The Third Lebanon War – Council on Foreign Relations (July 2010); Drums of War: Israel and the “Axis of Resistance” – International Crisis Center (August 2010).

Written by admin on September 2nd, 2010

Lebanon traditionally has been the Middle East venue where the proxies of outside powers have wrought destruction; now there is apprehension that it may be the local from which a region-wide, Middle East conflagration will erupt. This concern prompted the Council on Foreign Relations (CFR) to issue a “contingency planning memorandum” for the next Lebanon war. Authored by Daniel Kurtzer, a former U.S. Ambassador to Egypt and Israel as well as the first commissioner of the short-live Israeli Baseball League, it suggests that Washington pressure Israel not to attack Hezbollah. An Israeli-Hezbollah war, he concludes, “would hold almost no positive consequences for the United States.” Kurtzer doubts that the Obama Administration could resist pro-Israel pressure so he also advises that providing more advanced U.S. weaponry to Israel could induce Israeli restraint. He warns that Israel could strike swiftly and without warning, providing almost no time for U.S. sponsored “preventive diplomacy.”

The cause of Israeli-Hezbollah tension is the large quantity and enhanced quality of missiles that Hezbollah has acquired since the 2006 war. Secretary of Defense Gates described Hezbollah as possessing more missiles than most governments, which, if not misleading, Kurtzer says has “breached the limits of what Israel considers acceptable behavior.”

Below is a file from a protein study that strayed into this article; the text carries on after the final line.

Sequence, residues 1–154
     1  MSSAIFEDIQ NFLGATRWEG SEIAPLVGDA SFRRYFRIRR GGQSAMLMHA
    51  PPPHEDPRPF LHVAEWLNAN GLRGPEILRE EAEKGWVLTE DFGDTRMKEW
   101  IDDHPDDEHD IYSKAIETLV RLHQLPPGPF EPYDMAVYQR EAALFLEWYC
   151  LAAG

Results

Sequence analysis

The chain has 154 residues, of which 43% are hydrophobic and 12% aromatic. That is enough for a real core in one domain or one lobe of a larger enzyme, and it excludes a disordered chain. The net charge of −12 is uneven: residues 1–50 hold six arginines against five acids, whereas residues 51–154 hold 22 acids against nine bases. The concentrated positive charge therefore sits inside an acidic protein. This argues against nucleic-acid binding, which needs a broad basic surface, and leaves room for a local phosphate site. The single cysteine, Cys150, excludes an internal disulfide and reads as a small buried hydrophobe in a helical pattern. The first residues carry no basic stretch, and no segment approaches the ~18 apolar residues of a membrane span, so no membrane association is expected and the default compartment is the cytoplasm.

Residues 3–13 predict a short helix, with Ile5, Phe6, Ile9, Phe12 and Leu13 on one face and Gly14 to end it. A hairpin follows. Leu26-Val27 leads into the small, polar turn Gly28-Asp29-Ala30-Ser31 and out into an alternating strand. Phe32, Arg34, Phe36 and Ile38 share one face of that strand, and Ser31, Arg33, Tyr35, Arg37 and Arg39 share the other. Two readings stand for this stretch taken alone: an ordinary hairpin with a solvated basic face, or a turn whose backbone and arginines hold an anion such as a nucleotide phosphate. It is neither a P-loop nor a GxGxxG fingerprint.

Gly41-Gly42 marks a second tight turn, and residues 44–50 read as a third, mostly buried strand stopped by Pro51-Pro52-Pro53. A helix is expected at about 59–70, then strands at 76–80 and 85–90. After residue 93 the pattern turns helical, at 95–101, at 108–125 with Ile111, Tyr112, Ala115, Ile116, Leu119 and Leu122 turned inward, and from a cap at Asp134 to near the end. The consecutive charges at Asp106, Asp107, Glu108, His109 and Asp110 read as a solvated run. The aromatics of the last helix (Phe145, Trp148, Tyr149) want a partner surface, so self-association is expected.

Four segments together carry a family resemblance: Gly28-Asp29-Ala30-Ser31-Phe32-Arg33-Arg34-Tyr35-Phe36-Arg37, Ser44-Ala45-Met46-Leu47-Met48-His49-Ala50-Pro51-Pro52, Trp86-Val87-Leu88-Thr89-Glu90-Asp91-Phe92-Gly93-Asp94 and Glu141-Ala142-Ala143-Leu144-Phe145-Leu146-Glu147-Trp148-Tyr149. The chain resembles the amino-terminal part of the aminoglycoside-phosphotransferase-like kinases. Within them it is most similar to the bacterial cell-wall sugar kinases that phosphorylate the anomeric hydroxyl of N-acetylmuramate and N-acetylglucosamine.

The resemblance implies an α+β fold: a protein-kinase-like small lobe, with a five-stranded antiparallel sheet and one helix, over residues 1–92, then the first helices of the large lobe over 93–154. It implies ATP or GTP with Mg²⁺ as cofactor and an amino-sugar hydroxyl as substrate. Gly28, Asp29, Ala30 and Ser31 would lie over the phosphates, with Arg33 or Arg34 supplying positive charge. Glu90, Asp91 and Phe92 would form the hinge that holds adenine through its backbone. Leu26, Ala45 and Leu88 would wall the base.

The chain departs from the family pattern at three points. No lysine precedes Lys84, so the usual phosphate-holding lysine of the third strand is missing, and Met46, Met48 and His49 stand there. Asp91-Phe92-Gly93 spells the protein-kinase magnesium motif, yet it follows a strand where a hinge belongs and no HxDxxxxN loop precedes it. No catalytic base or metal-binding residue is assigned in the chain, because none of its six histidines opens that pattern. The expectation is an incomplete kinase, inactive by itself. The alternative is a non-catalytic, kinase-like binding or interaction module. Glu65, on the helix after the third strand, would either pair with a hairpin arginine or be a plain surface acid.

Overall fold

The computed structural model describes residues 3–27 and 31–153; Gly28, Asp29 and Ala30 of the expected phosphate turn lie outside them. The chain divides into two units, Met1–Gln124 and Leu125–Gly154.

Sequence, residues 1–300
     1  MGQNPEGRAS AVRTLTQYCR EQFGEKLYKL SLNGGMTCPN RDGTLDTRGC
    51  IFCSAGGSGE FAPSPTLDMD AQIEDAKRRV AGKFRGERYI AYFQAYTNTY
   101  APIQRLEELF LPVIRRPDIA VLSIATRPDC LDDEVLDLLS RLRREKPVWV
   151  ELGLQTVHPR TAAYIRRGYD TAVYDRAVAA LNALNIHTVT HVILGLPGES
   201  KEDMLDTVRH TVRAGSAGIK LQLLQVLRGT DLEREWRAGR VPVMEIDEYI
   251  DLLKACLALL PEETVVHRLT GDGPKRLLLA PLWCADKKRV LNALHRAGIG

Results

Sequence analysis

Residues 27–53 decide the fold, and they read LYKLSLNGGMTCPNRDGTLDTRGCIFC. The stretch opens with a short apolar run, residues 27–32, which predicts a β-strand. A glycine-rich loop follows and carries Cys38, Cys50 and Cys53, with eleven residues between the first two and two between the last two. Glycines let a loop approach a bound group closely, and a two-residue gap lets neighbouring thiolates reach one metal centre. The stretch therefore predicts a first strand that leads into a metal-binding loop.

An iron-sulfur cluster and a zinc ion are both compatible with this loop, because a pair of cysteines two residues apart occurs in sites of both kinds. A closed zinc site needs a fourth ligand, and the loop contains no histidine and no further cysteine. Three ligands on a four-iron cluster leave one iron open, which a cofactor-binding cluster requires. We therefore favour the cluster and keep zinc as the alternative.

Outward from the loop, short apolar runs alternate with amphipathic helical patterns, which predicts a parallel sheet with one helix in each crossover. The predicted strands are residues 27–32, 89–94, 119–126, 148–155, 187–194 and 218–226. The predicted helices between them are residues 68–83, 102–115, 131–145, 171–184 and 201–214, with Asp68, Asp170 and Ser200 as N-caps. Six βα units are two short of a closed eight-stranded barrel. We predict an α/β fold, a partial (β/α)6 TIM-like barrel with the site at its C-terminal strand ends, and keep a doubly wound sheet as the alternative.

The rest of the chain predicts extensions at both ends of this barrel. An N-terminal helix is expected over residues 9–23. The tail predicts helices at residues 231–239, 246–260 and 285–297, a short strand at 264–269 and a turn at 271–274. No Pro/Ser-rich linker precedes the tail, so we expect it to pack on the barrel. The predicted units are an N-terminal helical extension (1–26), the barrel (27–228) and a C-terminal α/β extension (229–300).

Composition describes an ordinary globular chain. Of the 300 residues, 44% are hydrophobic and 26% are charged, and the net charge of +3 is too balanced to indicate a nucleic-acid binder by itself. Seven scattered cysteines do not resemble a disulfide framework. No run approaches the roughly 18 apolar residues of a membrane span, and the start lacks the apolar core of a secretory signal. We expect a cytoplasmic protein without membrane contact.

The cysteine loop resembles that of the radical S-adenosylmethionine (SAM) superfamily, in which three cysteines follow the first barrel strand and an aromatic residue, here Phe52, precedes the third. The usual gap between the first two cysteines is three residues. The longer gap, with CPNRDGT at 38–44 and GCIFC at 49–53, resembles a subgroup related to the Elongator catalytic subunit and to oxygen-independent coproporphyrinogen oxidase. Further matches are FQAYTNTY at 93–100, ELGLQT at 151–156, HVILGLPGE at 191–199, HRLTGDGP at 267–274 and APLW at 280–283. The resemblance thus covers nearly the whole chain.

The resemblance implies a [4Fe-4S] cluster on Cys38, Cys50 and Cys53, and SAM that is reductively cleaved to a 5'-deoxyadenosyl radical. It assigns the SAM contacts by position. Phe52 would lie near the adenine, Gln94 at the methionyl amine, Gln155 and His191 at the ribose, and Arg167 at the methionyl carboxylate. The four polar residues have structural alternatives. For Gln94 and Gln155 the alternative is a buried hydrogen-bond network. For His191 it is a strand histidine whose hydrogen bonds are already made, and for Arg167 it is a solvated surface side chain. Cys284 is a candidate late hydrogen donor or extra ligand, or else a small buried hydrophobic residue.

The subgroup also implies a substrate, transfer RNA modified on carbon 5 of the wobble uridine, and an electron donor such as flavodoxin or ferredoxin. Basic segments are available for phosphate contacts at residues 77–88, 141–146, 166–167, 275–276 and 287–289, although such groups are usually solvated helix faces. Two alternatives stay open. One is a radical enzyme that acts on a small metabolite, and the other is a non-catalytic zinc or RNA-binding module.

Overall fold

The International Crisis Center (ICC) concurs with Kurtzer’s prediction but forecasts a wider war embroiling Israel, Syria, Hezbollah, Lebanon, and perhaps Iran. It too recognizes that Hezbollah’s robust missile inventory underlies current tension but its in-depth analysis offers a more complex portrait of events. In contrast to Kurtzer, who views Hezbollah’s missiles only in terms of a threat to Israel, the ICC interprets the missile build-up as part of the dynamics of deterrence. Hezbollah, according to the ICC, can now retaliate to an Israeli strike by inflicting serious harm on a wide swath of Israeli civilians. The report finds that officials “from both Israel and Hizbollah privately share the conviction that the ability to inflict widespread damage represents their most effective means of deterrence.” But this stability is precariously fragile. The ICC quotes a Hezbollah official’s observation that “the new paradigm of ‘mutually assured destruction’ adds to the uncertainty. It could deter Israel from attacking, for fear of the fallout. Or it could prompt it to do so, out of concern that Hizbollah’s capability might rise even further.”

Whether the next war is sparked by premeditation or a miscalculation, Lebanese civilians and the country’s infrastructure will not be spared. It will likely include an Israeli attack on Syria to stop it from supplying weaponry to Hezbollah and perhaps to topple the regime. The fear of an unrestrained Israeli attack has caused so called “axis of resistance” – Hezbollah, Hamas, Syria, and Iran – to intensify their security ties, creating something echoing a mutual defense agreement. Not surprisingly, these moves only deepen Israel’s sense of peril. The ICC report is both sobering and chilling. It and Kurtzer offer some worthwhile recommendation to ameliorate the growing risk of war; unfortunately, past history suggests that such counsel may fall on deaf ears.

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